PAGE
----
- President Donald Trump made an amazing gaffe referring to “409K’s” in a wild stock market tweet Thursday morning.
- How could this be a typo? The numbers 1 and 9 are on opposite sides of the keyboard.
- To be fair, the S&P 500 index is up over 70% since 2016.
In an absolutely caffeine-fueled ALL CAPS tweet about the “STOCK MARKET” on Thursday morning, Donald Trump asked followers how their 409K’s are doing.
Of course, the only problem is the tax-sheltered retirement savings plan Trump was referring to is called a 401(k).
Trump quickly deleted the 409K tweet and retweeted it with the correct term. If he were a true savage, Trump would have left the tweet up the way it was, warts and all.
It could be that number 45 is getting soft on us. Maybe impeachment is getting to him.
But the real question this morning is: Did Trump actually think it’s called a 409K? Or at least get retirement accounts mixed up with the famous 409 cleaning formula brand?
409K Could Not Have Been A Typo
How could this even be a typo, Trump? The “1” and “9” keys are on completely opposite sides of the keyboard! And we know you have small hands, Mr. President.
The only other explanation I can think of is the Donald’s phone auto-corrected “401” to “409.” But that would only happen if Trump frequently tweets “409.”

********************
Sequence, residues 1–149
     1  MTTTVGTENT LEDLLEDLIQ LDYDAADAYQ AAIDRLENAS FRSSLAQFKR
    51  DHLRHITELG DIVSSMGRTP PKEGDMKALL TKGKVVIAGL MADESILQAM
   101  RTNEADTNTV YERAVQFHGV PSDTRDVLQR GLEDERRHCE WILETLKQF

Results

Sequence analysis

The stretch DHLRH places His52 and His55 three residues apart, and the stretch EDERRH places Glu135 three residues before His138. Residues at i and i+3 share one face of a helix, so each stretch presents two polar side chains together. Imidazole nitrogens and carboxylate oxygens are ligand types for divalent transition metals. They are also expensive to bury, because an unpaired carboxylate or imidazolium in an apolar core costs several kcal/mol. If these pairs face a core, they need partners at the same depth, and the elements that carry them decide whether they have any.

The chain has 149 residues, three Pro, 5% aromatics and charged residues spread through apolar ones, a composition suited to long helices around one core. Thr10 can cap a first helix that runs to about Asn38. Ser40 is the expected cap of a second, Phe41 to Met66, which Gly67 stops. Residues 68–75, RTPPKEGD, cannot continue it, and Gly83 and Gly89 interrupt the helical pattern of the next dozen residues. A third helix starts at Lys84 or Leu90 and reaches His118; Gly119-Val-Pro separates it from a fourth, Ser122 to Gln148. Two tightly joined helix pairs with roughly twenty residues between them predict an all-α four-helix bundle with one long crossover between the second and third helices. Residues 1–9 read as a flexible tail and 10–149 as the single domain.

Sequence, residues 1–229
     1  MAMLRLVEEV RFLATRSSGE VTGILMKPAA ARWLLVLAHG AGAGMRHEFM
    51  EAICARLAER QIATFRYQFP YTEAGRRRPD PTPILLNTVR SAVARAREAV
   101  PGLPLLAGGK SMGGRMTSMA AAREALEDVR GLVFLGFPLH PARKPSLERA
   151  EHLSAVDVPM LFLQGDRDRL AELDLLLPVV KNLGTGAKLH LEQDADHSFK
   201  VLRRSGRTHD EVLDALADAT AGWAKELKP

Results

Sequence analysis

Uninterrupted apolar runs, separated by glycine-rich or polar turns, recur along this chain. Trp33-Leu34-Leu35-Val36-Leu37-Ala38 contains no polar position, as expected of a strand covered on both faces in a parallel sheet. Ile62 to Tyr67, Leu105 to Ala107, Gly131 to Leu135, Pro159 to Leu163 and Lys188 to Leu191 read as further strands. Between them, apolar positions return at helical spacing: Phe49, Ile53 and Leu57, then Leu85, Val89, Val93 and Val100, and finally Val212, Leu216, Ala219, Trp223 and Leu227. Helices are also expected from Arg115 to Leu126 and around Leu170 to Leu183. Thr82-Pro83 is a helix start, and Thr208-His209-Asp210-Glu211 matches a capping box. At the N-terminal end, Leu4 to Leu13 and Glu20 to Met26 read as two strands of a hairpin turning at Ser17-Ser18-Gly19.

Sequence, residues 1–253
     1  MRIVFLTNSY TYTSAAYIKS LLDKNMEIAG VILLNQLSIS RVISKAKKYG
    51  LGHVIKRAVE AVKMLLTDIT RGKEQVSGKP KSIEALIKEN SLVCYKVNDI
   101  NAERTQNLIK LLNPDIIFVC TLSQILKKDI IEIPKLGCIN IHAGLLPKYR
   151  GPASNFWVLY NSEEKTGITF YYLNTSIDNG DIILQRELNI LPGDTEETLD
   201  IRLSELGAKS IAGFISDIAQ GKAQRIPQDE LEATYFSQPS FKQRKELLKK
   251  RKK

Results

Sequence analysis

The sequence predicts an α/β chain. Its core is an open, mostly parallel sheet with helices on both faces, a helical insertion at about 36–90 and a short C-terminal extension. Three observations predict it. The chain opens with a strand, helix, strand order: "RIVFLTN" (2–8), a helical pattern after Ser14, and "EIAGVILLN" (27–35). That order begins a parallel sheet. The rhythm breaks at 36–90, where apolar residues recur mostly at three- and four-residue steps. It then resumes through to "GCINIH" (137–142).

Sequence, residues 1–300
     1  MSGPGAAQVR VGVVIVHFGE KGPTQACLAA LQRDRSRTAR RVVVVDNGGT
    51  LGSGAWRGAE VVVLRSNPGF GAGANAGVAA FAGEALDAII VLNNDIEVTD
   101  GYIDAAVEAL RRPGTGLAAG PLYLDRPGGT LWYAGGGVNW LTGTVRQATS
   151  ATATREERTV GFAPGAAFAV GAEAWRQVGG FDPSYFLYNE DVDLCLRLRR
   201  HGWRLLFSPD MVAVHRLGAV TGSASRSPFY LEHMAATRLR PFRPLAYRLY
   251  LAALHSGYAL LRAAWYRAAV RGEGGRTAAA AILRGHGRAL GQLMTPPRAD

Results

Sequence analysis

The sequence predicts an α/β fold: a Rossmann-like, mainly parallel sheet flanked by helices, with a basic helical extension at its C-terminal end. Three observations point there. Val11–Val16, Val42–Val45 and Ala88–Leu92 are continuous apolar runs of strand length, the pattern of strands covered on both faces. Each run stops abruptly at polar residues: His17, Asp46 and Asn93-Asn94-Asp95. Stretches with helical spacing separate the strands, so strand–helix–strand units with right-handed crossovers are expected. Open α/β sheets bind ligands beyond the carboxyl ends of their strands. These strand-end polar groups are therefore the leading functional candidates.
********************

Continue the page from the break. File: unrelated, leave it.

The conspiracy theorists could run wild with this and the boxes of Sudafed in Trump Tower, especially after 24 hours of “#SniffyMcAdderall” trending.
The all-caps tweet and high energy, Wolf of Wall Street-style stock market pumping would make the theory more appealing.
Stock Market Gains Aren’t Fake News
But all joking aside, the stock market gains touted definitely aren’t a typo. We all goof from time to time. Obama said he’d visited all 57 states.
That hasn’t stopped the stock market from blowing up during both their administrations.
One of the most popular replies to Trump’s 409K tweet misleadingly claims no one’s 401(k) is up 70%. Building on the gains in the final year of Obama’s presidency, the diversified S&P 500 index is up over 70% today since Jan. 2016.
Assuming someone is constantly contributing to their 401(k), and taking into account automatically reinvested stock market dividends, these figures aren’t far out there.